Seeking a loan online? There’s a chance your benefactor will be BlackRock Inc., the world’s largest asset manager.
The company, on behalf of its clients, scooped up more than $330 million of consumer debt arranged since November 2013 by Prosper Marketplace Inc., the so-called peer-to-peer lending platform that finds investors to fund borrowers, according to bond-offering documents. New York-based BlackRock is seeking to sell most of that debt to other institutions while retaining a risky slice.
The purchases represent about a sixth of debt obtained through Prosper during that period, showing how the platform has moved beyond funding from mom-and-pop investors. BlackRock’s bond sale, known as a securitization, could be a harbinger for more such deals, said Matt Burton, chief executive officer of Orchard Platform, a data provider to clients investing through online markets like Prosper’s and one run by LendingClub Corp.
“One of the large bottlenecks in this space for institutional investors has been volume,” he said. “That’s all changing.”
LendingClub was on pace to about double issuance to $4 billion in loans last year, compared with 2013. The San Francisco-based company sold shares to the public in December and briefly attained a valuation of more than $10 billion.
The stock offering put a spotlight on the model it pioneered with Prosper of linking up borrowers with individuals who wanted to fund them. That initial focus earned them the moniker of peer-to-peer lenders, even as growth has been fueled more by institutions. Increasingly, the companies are referring to themselves as “marketplaces.”
Loans issued through San Francisco-based Prosper soared last year to $1.6 billion, a more than 350 percent increase from
2013. BlackRock is an investor in the closely held lender.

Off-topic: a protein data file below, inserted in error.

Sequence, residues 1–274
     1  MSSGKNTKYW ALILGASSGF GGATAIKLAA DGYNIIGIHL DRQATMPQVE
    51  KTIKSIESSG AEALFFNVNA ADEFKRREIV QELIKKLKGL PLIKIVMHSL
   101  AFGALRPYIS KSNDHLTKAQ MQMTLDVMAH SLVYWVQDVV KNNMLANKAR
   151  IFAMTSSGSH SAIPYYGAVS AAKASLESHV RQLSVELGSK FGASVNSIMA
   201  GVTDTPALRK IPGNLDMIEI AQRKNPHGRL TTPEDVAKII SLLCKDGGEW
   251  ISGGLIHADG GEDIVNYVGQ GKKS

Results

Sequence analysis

Ed Sweeney, a spokesman for BlackRock, declined to comment on the offering, citing its open status. Sarah Cain, a spokeswoman for Prosper, also declined to comment.
Prosper’s main products are unsecured consumer loans for as much as $35,000 and terms as long as five years. Borrowers apply online, the startup vets the applications and investors fund them. Loans can be used to consolidate debt, pay for medical procedures and fund purchases. Interest rates are often lower than the cost of carrying a credit-card balance.
Losses on loans backing the securities BlackRock is selling will probably reach 8 percent, “considerably higher” than what’s typical for borrowers with similar credit profiles, Moody’s Investors Service said in a presale report. That’s partly because unsecured debt has a “low ranking in the hierarchy of borrowers’ payment priorities,” Moody’s said.
The ratings firm plans to assign an investment grade to most of the securities. The most-senior notes are initially protected against losses of 23.5 percent.
While bundling loans into bonds can benefit borrowers by bringing in investors from pensions to mutual funds, it can eventually lead to sloppy underwriting if the buyers aren’t paying enough attention, said Howard Hill, author of “Finance Monsters,” a book about the mortgage-bond market’s history and crash.
“Without securitization, you’d be stuck with just traditional banks making loans,” he said. “The danger is that the issuer falls into the ‘originate-to-securitize’ trap, which is especially bad if there’s such a big demand for the bonds that you run through the potential pool of good borrowers and reach for the bad ones to meet it.”
The weighted average FICO credit scores for borrowers in a pool of Prosper loans that BlackRock is packaging into securities was 706, according to the bond documents. None of the loans has a grade below 640, one cut-off that people use to determine whether a borrower is subprime. A total of 25.9 percent is to borrowers with scores below 680, a threshold that’s used by others, such as the American Bankers Association, the offering document shows.
The transaction would also raise an additional $50 million of cash to buy more loans to use as collateral.
Prosper verified at least employment or income on almost 80 percent of debt originated between July 2009 and Sept. 30 last year, according to disclosures on its website. During the period, it canceled 15 percent of loan listings for which it verified such information because they contained inaccurate or insufficient descriptions, Prosper said in the disclosures. Like with most offerings, the bond documents include a list of theoretical risks, in this case advising potential buyers to still maintain some level of skepticism.
“Noteholders should assume that none of this information provided by the borrowers was verified by Prosper or any other person,” according to the prospectus. “This information may be incomplete, inaccurate or intentionally false. Applicants may also misrepresent their intentions for the use of loan proceeds.”
In other words: As online lending booms, don’t believe everything people say on the Internet.